O’Reilly writes that itt all started when personal computers and peripherals became more affordable. Suddenly, the single PC household turned into a multiple PC household, with a myriad of peripherals like printers, scanners, external drives, game consoles, and digital gadgets. To connect everything and share resources has become a serious need indeed. Throw in different operating systems and wireless technology and the prospect can seem overwhelming.
Fortunately, Scott Lowe has written the perfect guide in “Home Networking: The Missing Manual” (O’Reilly, US $24.95), a must-have handbook for anyone interested in setting up their own home network and reaping the rewards. The benefits of networking continue to drive this growing demand for the home from going wireless and sharing files and peripherals, to displaying digital photos on the TV and networking TiVo.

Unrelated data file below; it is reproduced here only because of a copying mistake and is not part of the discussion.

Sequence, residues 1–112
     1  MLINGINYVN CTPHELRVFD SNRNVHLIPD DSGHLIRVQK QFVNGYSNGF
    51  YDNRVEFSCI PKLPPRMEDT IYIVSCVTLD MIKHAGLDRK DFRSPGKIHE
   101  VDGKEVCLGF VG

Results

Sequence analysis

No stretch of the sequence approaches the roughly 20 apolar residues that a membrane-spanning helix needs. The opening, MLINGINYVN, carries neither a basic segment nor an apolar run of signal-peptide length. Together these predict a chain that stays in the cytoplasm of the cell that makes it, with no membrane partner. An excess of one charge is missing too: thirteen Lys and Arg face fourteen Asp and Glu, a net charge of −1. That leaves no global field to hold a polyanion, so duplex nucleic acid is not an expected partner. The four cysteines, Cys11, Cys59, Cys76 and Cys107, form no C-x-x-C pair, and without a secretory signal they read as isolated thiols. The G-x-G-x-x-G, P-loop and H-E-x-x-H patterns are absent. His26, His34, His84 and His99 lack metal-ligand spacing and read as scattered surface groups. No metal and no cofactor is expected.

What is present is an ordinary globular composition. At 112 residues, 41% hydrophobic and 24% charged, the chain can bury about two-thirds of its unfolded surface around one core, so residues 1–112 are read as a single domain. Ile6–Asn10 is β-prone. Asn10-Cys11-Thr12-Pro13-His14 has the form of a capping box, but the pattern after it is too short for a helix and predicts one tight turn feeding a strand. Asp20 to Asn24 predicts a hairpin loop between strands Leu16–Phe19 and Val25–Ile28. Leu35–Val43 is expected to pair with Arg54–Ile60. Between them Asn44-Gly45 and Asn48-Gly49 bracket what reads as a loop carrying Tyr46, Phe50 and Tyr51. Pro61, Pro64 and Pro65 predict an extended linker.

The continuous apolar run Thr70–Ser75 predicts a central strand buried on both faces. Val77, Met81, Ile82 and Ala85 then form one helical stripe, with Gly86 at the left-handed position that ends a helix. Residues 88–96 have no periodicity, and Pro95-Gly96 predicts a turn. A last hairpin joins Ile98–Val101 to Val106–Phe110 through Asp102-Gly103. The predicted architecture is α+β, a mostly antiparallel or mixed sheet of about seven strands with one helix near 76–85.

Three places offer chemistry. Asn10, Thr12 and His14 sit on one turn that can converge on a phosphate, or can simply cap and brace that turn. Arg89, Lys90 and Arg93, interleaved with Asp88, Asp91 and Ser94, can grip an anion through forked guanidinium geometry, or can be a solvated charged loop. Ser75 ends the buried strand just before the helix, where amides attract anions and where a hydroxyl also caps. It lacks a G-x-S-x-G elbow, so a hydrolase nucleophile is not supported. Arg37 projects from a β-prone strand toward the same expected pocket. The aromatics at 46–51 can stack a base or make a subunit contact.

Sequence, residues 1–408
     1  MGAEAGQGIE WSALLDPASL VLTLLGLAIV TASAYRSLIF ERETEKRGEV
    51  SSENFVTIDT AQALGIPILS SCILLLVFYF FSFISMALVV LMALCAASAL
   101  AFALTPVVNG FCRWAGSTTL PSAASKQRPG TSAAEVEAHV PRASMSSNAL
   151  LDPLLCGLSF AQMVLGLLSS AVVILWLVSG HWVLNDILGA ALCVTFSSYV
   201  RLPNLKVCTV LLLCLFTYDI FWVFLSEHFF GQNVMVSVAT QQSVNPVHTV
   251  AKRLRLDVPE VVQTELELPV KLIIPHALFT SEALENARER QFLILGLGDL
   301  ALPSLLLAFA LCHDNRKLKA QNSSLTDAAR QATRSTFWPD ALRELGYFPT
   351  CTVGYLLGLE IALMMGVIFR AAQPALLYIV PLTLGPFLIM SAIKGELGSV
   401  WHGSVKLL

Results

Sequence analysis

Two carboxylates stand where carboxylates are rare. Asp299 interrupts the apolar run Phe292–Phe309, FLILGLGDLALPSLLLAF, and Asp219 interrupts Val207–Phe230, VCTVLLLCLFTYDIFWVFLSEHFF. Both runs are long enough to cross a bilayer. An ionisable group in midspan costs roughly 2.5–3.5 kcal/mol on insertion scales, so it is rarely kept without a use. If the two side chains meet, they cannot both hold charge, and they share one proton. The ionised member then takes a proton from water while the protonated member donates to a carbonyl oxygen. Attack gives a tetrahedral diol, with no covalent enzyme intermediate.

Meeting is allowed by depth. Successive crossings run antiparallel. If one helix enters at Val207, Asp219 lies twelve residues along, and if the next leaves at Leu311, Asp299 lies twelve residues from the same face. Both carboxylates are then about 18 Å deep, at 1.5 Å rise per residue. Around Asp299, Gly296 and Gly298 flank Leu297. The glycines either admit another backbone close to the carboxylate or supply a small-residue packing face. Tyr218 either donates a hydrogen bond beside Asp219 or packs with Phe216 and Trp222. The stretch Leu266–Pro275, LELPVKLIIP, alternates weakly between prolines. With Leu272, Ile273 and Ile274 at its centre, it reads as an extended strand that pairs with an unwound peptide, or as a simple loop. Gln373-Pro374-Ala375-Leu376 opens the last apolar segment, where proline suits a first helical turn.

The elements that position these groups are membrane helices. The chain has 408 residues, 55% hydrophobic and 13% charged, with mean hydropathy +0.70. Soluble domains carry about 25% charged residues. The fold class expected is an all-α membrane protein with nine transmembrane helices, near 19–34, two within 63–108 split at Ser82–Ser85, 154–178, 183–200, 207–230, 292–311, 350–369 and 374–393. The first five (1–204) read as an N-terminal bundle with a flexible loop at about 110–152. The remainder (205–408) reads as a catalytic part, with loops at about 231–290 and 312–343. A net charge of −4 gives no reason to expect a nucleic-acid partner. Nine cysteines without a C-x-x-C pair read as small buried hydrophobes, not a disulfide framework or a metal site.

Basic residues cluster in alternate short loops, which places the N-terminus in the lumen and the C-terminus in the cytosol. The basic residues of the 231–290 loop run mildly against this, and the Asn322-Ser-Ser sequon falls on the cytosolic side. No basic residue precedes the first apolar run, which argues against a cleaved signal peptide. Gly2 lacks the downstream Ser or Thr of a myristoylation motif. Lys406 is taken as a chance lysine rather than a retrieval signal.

“The terms and technology associated with networking a home can be pretty intimidating,” comments Lowe. “I provide details and descriptions in
clear, jargon-free language that helps explain what it all means, how it works, and what is really needed.”
“Home Networking: The Missing Manual” is divided into two parts:
Planning, Buying, and Setting Up the Network
-Learn about components and networking software
-Choose between wired, wireless, or hybrid
-Set up an Ethernet network
-Set up and secure a power line network
Putting the Network to Work
-Name PCs and people on your network
-Designate what you want to share with others
-Create and manage accounts
-Use Macs and PCs on the network
-Create user accounts and groups
-Print across the network
-Play a PC’s music on your stereo
-Display digital photos on TV
-Play video games across the network
-Network your TiVo
-Set up remote access
For those interested in getting their home computing networked, and also
installing wireless technology, Lowe’s manual outlines a step-by-step,
easy-to-understand process that generates results.
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